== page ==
Abraham “Abe” Rothberg: Author, Professor, Friend

Abe Rothberg and Peter Pappas

Two weeks ago, I lost a very important person in my life. For more than 25 years Abe Rothberg served as friend, mentor, surrogate father and personal curmudgeon. Over long lunches in diners or late afternoons in his study we’d discuss politics, history, literature, journalism and gossip about everyone we knew.

By the time I met Abe in the early 1980’s he had many achievements – a distinguished career as a journalist, university professor and author of thirteen novels, two books of history, a collection of short stories, two children’s books, and a volume of literary criticism. Abe was the most learned (and opinionated) person I ever knew. While I never saw Abe in the classroom, he was beloved or feared (or both) by legions of English literature students from his days teaching at Hofstra, Columbia and St. John Fisher.

For more on Abe’s accomplishments see the New York Times obituary
Abraham Rothberg, Who Wrote of Golem and Stalin, Dies at 89 

Rothberg-nyt
Following his retirement from teaching, I knew Abe hoped to devote more time to his writing. There were some successes – like an occasional journal piece,  but many of our lunches were punctuated by his growing disappointment that yet another book manuscript had been rejected. So beginning around 2000, I began to try to convince Abe that we could use new print-on-demand technology to by-pass the big publishing houses and do it ourselves. “I will never stoop to vanity press,” he’d bellow.

I pressed on and a few years later (did I say he was stubborn?)  I convinced him to let me publish The Holy Warriors a novel that had been rejected by a few publishers despite the fact that it had, in a way, anticipated 9/11. “OK Abe, let’s get this started – give me the Word doc of the book and I’ll get going on design.” Abe replied, “What’s a word doc?” (Did I mention that Abe refused to even LOOK into a computer screen?) So before beginning work on book design, step one was finding someone who was willing to scan / proof  his typewritten and heavily edited manuscript into OCR.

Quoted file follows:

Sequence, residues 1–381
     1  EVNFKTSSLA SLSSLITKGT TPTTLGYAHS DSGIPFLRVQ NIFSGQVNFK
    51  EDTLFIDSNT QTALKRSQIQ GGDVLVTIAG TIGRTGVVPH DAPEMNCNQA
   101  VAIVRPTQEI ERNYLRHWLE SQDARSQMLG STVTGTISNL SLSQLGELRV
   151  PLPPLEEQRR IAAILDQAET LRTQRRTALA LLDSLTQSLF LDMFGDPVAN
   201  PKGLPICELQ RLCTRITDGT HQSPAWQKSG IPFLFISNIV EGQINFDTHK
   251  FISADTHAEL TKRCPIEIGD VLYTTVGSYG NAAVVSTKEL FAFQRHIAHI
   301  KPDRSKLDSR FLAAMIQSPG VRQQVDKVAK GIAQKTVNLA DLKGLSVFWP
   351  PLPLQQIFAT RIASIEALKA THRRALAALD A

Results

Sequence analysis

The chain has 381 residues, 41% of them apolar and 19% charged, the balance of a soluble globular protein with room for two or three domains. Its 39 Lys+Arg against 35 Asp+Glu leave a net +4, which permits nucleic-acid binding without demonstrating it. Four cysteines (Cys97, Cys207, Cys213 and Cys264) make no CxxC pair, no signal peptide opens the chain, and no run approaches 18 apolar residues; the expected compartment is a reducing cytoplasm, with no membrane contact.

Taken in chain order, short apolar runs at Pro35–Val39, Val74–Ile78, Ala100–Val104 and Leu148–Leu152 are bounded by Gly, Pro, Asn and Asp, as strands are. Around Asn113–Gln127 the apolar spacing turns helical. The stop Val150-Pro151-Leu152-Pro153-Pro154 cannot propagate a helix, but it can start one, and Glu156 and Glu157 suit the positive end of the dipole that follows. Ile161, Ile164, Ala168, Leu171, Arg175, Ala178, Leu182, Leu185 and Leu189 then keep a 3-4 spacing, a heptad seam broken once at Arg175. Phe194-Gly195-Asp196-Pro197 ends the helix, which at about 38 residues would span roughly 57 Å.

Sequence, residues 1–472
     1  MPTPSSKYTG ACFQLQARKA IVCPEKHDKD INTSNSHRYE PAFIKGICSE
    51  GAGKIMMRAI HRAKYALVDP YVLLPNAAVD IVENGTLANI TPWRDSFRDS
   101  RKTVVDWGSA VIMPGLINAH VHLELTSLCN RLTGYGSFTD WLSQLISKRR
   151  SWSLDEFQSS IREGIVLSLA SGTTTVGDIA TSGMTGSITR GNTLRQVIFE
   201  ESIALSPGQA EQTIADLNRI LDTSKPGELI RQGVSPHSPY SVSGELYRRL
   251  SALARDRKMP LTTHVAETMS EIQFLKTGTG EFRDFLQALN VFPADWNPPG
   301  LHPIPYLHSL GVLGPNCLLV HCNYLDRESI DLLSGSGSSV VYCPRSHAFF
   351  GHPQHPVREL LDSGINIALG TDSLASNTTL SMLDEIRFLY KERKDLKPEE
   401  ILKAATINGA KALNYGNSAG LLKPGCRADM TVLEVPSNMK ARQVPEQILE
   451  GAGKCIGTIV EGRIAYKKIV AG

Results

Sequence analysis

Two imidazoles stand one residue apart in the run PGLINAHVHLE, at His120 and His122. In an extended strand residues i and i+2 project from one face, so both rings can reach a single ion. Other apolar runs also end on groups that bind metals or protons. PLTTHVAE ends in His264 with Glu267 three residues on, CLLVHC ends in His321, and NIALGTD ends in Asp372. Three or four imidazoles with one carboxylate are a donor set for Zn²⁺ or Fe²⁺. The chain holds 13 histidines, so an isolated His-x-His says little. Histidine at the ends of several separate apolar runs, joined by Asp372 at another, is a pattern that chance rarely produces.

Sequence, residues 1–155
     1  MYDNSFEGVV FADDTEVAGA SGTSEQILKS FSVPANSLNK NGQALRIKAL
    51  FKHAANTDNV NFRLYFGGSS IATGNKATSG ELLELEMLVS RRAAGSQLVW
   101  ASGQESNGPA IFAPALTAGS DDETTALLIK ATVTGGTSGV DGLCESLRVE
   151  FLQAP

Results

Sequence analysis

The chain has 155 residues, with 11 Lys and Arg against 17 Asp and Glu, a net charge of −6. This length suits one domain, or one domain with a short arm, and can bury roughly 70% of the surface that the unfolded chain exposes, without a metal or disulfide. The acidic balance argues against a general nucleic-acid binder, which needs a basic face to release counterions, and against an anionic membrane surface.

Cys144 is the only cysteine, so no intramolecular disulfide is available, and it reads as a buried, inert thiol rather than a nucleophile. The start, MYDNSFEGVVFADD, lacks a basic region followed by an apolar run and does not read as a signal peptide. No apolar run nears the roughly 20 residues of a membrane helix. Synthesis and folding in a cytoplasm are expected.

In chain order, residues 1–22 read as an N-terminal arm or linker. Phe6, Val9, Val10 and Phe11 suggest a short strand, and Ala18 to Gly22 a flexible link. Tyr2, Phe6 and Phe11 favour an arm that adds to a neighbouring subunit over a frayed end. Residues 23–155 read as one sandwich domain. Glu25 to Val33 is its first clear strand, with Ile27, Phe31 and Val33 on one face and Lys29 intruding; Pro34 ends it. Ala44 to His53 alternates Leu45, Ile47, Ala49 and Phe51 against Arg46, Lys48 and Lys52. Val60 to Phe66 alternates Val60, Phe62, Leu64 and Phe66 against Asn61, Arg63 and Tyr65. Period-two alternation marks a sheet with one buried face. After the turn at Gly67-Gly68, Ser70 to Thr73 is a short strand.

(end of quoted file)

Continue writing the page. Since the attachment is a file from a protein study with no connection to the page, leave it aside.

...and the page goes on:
Eventually the book was finished and sent off to Lulu for publication. I’ll never forget bringing the finished paperback to Abe. He took the book in his thick hands and kept turning it over  – like a baker patting down dough. His face beamed as he asked,  “So when do we get started on the second book?”

Over the next six years we published another twelve books. (That’s right – all 12 started as typewritten manuscripts.) The scope was a remarkable testimony to the breadth of Abe’s interest and expertise – collections of  short fiction On A Darkling Plain, essays and literary criticism What Time Is It Now? novels set in Japan The Torii Gate and the Soviet eastern block The Former People. Subject ranged from a children’s story – Pinocchio’s Sister ~ A Feminist Fable  to an exploration of the justice system through the lens of a serial killer The Trials of Arthur John Shawcross.

In 2010, a group of his friends held a tribute to Abe  – the man and his writing – as part of a Jewish Book Festival. Here’s an excerpt of the reflection that Abe shared with us. (I learned he always liked the last word)

… Serious fiction is a lie that tells the truth. Fiction can introduce you into the lies and truths of other people’s minds and hearts, to your own country and time, or strange, foreign places and other eras, into the most public forums and the most private scenes of human intimacy; it can make you see, hear, feel, love, hate, forgive, judge, understand, and yet not be bound by the consequences of all those activities, though you are there as a participant-observer in the most personal and informed ways. … And so, tonight, you will hear some of the lies I have written I take to be important truths, serious fictions about our lives and times. I thought my books might contribute to the cultural and political conversations and dilemmas of our epoch. If that has not taken place as I wished– and I am sorry to say it has not–it was not for the want of my trying.

To read more about Abe, download or order his books click here.

What Time Is It Now? Reflection on Literature and Life by Abraham Rothberg

Rothberg-fiction For the last 5 years I’ve been a print-on-demand publisher, producing ten books for a dear friend – Abraham Rothberg. His previous work was published by mainstream publishers and has been favorably reviewed in NY Times, Harper’s, Time Magazine, and Publishers Weekly. Unfortunately his previous work had gone out of print. So we decided to cut out the middle man and self publish.

Our latest book is “What Time Is It Now? Reflection on Literature and Life.” Preview / purchase the book